In my continued efforts to change the way folks view ADHD, I have had some interesting conversations.There was this discussion I had with a friend about her husband that I feel is important enough to revisit. She suspects that her husband’s issues and their overall marital problems could be a result of undiagnosed ADD. It can be rough coming to someone with an assumption about the state of their mental health. It’s even more difficult to confront a friend or loved one about something as stigmatizing as ADHD. I’m not sure how it turned out for her, I believe it’s a work in progress. However, there’s no need to delve too deeply into their marital affairs, because I’m sure their story is similar to many of us when addressing mental health in a social context. Here are a few thoughts that I shared with her:
Is it ADHD? Are you sure? The common use of phrases like “I’m so ADD today!” And all of the buzz about whether ADHD/ADD is now OVERdiagnosed, make it clear that society tends to view the condition as a collection of minor social slip-ups. We tend to use ADHD and ADD as umbrella terms for symptoms, habits and actions that could have little to no baring on an individual’s potential diagnosis!
❗️Before you even bring your thoughts to your friend or loved one, do your homework! There is easy access to accurate Information from sources like additudemag.com or adultadhdblog.com, that give first hand experience and expert advice about the signs and symptoms and appropriate next steps when someone suspects a diagnosis may be necessary. Try taking a quiz or two or skimming a checklist yourself. This may help you further your understanding of ADHD and its broad spectrum of symptoms. Make sure you do your homework. You will be more of a use to your friend or loved one if you aren’t confronting them with stereotypes and blanket assumptions.
Be a Friend Not a Clinician
Just because you believe the signs are there, and you’ve done your homework, doesn’t mean you can diagnose and become your friend’s ADD coach. The symptoms differ for each individual, and sometimes they differ for that same person over time. The best thing to do is offer your information along with any next steps that would benefit someone who suspects that they may have ADHD, and keep it moving. There are way too many variables to diagnosing ADHD. Too much speculation from you may cause unnecessary apprehension and defeat your purpose.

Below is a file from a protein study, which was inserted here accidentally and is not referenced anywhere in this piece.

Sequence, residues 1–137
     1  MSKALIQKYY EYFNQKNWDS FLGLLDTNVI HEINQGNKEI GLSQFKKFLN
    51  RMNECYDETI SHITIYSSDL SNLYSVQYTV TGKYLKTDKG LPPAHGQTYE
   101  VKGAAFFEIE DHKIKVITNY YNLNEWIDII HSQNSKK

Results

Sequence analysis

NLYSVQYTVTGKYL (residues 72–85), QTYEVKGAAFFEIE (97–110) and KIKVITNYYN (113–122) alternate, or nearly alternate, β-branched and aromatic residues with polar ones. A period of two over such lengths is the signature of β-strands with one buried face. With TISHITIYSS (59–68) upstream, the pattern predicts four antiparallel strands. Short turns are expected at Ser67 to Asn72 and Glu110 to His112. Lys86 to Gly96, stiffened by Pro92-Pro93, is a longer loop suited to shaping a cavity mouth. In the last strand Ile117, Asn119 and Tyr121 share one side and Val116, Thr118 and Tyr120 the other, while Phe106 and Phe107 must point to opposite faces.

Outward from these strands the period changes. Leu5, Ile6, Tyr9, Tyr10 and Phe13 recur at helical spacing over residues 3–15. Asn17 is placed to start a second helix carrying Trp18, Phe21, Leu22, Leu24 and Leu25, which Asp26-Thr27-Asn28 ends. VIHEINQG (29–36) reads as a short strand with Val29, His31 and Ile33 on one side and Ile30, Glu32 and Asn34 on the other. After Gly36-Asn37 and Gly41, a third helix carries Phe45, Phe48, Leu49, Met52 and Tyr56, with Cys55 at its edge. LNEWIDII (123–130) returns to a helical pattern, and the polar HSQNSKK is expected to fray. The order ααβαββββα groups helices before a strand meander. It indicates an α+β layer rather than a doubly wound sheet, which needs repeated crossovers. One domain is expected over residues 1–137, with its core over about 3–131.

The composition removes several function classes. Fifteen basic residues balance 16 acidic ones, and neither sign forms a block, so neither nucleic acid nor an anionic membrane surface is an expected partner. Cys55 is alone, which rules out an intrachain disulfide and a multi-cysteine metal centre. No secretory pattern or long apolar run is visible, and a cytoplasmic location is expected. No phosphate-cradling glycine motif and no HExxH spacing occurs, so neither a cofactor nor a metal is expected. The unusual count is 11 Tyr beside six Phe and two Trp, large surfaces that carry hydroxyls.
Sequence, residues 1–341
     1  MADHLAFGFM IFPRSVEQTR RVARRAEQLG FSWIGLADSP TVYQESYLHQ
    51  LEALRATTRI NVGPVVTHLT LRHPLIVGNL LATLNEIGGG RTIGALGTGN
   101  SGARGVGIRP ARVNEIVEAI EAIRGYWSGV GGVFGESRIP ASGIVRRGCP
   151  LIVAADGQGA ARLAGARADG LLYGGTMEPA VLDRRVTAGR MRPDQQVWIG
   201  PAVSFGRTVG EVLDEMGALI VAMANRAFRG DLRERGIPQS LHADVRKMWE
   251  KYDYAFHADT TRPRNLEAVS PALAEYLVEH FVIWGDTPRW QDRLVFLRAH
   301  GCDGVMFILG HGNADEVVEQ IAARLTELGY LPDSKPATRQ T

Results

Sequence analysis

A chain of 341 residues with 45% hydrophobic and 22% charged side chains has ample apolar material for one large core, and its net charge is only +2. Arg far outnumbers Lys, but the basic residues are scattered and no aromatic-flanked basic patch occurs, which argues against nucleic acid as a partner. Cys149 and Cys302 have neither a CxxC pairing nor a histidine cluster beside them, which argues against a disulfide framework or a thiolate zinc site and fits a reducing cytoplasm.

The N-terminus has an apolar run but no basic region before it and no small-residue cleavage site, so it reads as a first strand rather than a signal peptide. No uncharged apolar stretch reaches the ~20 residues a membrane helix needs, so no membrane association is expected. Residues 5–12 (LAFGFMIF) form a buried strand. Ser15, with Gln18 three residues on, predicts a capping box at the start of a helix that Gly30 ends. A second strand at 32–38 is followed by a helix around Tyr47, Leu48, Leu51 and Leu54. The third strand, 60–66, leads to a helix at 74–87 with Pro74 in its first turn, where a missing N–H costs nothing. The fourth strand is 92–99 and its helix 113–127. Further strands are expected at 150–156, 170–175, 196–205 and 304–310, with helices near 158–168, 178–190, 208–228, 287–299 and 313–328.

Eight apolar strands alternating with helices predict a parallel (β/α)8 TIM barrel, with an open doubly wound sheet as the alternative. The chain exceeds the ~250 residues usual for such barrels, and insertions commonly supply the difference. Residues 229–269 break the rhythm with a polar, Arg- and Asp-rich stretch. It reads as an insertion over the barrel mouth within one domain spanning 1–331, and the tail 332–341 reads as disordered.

Affirm Appreciate Accept
Attention deficit/hyperactivity Disorder can be a gift and a curse. It can seem like more of a curse if you are undiagnosed, and/unaware of what is going on. It’s difficult to accept a difference that others may not be able to see or relate to. Those who are undiagnosed often tend to identify themselves based on the symptoms that present themselves, because they don’t know or understand the essence of the problem. Being a knowledgable source and helping a friend understand that the traits or actions that you are basing your assumption on, is only a small part of who they are, can make a huge difference.
❗️Before bringing your thoughts to your friend you should ask yourself a few questions about your feelings and beliefs when it comes to ADHD. If you are like many others who continue to hold negative views and ideas about this condition, maybe it’s best to keep a lid on it.